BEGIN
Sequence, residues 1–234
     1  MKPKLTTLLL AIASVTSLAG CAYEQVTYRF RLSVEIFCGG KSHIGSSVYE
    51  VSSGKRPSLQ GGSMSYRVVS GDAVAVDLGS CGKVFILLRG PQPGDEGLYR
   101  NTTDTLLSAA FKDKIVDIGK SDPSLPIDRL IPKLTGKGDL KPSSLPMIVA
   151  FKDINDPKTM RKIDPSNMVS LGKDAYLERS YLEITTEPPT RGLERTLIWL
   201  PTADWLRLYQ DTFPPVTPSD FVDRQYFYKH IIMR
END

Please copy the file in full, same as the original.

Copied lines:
Sequence, residues 1–234
     1  MKPKLTTLLL AIASVTSLAG CAYEQVTYRF RLSVEIFCGG KSHIGSSVYE
    51  VSSGKRPSLQ GGSMSYRVVS GDAVAVDLGS CGKVFILLRG PQPGDEGLYR
   101  NTTDTLLSAA FKDKIVDIGK SDPSLPIDRL IPKLTGKGDL KPSSLPMIVA
   151  FKDINDPKTM RKIDPSNMVS LGKDAYLERS YLEITTEPPT RGLERTLIWL
   201  PTADWLRLYQ DTFPPVTPSD FVDRQYFYKH IIMR